So, Paul starts with a beautiful synopsis of what it looks like to be a new creature in Christ. And then he says: “For to you it has been granted for Christ’s sake, not only to believe in Him, but also to suffer for His sake, experiencing the same conflict which you saw in me, and now hear to be in me.”
And what kind of suffering was Paul experiencing? II Corinthians 1:8 tells us, “For we do not want you to be unaware, brethren, of our affliction which came to us in Asia, that we were burdened excessively, beyond our strength, so that we despaired even of life.”
Living righteously in a sinful world actually invites suffering. That means that as you teach your children to trust and obey God, you’re literally preparing them to experience additional suffering in this life.
I’m sharing all of this to make it clear that we parents must be prepared to parent our children though pain. This includes physical suffering but it also includes emotional and spiritual suffering.
Here’s my point — you buckle your children into their carseats or make sure they’ve fastened their seatbelts even though it’s very likely you won’t get into an accident. Most of the time your family has climbed into the car, you haven’t been involved in an accident. Some of you have never had an accident with your family . . . and yet you take all of the precautions because it’s possible you may.
My friends, your children will suffer. It’s going to happen. What will you do when the time comes?
How can you shape your child’d theology when they get a splinter, stub their toe, or break an arm? How will you guide your children through teenage heartbreak? How do you plan to prepare your children for the death of friends or family members? Are you parenting your children in such a way that if they were ever diagnosed with cancer . . . they would understand what suffering is and how God wants to use it in their lives?
Suffering is inevitable, so we need to prepare our children to know what it is, understand God’s plan for it, and wisely endure it to His honor and glory.
And — like I’ve mentioned before — the best time to prepare your children for anything is before they have to experience it. These beginning conversations are not to be had in the midst of suffering. Sure, if you’ve neglected to prepare your kids up until now, and you’re all currently in the throws of trial, you definitely need to draw your children to the knowledge and understanding we’re unpacking in this study. But — generally speaking — your mid-tribulation conversations need to be hearkening back to and reminding your children of all the prior family discussions where you prepared them for the experience in which they now find themselves.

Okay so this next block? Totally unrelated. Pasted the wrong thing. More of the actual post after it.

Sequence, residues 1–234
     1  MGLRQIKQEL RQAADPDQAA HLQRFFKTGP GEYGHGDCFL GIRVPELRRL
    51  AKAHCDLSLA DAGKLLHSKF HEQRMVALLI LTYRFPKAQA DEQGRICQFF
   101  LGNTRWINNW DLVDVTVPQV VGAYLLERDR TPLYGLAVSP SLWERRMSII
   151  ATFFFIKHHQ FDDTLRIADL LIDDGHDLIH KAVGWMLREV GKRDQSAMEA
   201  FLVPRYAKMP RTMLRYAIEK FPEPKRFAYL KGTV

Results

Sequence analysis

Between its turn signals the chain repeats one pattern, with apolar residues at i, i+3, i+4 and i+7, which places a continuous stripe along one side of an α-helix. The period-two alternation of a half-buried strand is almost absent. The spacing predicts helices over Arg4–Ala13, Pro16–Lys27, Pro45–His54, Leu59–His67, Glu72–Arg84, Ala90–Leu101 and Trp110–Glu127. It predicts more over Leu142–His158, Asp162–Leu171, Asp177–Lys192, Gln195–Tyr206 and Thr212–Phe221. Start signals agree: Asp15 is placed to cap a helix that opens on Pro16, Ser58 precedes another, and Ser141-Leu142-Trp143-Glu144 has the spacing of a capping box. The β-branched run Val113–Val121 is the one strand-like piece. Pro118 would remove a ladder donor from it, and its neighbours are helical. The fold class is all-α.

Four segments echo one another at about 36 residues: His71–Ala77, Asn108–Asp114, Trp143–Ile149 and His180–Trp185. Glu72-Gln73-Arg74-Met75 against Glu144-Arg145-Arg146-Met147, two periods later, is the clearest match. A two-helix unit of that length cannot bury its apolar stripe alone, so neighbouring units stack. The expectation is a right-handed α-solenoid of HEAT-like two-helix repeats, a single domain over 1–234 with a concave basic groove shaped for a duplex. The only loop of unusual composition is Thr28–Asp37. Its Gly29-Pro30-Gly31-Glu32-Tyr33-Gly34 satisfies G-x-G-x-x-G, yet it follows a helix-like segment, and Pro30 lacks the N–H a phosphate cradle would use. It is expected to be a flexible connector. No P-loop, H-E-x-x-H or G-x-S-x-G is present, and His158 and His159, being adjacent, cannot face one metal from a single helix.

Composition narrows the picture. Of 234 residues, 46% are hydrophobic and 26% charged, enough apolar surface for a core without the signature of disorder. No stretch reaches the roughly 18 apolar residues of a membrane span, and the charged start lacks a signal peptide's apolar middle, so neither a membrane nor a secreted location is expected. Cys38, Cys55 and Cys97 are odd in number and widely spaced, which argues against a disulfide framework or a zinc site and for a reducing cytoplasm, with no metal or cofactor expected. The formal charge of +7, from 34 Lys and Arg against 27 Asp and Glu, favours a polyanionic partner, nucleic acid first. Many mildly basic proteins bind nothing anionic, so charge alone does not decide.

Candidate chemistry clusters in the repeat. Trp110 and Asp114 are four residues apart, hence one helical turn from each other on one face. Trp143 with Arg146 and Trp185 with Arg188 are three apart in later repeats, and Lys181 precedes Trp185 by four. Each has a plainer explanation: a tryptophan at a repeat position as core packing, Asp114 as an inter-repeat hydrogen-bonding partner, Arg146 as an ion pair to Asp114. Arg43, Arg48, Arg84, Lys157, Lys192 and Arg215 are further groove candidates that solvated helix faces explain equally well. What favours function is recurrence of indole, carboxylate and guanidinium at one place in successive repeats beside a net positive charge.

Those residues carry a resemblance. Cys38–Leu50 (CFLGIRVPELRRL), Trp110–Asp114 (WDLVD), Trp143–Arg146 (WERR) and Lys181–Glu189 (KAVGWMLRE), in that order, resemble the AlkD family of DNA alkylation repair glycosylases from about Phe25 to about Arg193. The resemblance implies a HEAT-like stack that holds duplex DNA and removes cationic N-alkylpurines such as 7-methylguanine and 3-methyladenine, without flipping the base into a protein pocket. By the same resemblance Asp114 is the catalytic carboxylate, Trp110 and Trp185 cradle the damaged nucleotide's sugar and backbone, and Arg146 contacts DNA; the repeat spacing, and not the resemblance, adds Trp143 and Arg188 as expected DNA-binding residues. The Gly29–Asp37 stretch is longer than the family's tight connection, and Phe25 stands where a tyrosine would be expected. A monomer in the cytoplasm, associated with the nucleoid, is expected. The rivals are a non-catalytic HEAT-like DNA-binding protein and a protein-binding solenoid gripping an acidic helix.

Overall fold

Now not only is the definition of suffering broad and the experience of suffering inevitable, it’s also important to teach our kids that . . .
3. Suffering is Contagious
We and our kids should understand that when someone we love is hurting, it’s natural for us to hurt too. In I Corinthians 12, Paul discusses spiritual gifts, and then he describes Christians as all part of the Body of Christ. It’s in that passage that he compares some believers to a foot and others to an eye and others to an ear. Then in verses 24-26 he says, “God has so composed the body, giving more abundant honor to that member which lacked, so that there may be no division in the body, but that the members may have the same care for one another. And if one member suffers, all the members suffer with it; if one member is honored, all the members rejoice with it.”
That’s the nature of a body. That’s the nature of love among the brethren. The suffering of one should impact all those who are connected to him.
Galatians 6:1 and 2 calls us to “bear one another’s burdens.”
James 5 commands the physically and spiritually suffering Christian to invite others into his pain (James 5:13-20).
The reality of suffering is one reason we need to teach our children Biblical empathy.
Merriam-Webster defines empathy as, “the action of understanding, being aware of, being sensitive to, and vicariously experiencing the feelings, thoughts, and experience of another of either the past or present without having the feelings, thoughts, and experience fully communicated in an objectively explicit manner.”
This may seem like a masochistic way of inviting additional suffering into our lives, but I would argue that it’s going to happen anyway. Suffering is contagious. Biblical empathy merely enables us to respond as Christ responds because we aren’t shutting ourselves off to their suffering, we’re experiencing it the right way and then helping them to do the same.
It’s akin to teaching someone to tie a knot. It’s generally not good enough to try to explain knot-tying. You have to get some rope and show them. You have to experience tying the knot in order to help the other person tie the knot successfully. Suffering is often the same. It’s easier to guide someone through their suffering as you walk through it with them.
4. Christians suffer differently
Everyone suffers, but it should be said of Christians that we suffer well. That should be our personal goal, and it should be the goal for our children.
And that’s what the rest of this study is about. How do we parent our children in such a way that they suffer well?
So, let me end on a high note that sets the stage for our next episode which is called “The God of Suffering.”
In II Timothy 2:3, Paul calls Timothy to “Suffer hardship with me, as a good soldier of Christ Jesus.” This tells us that a good solider of Christ Jesus is going to suffer differently than bad soldiers or people who aren’t soldiers at all.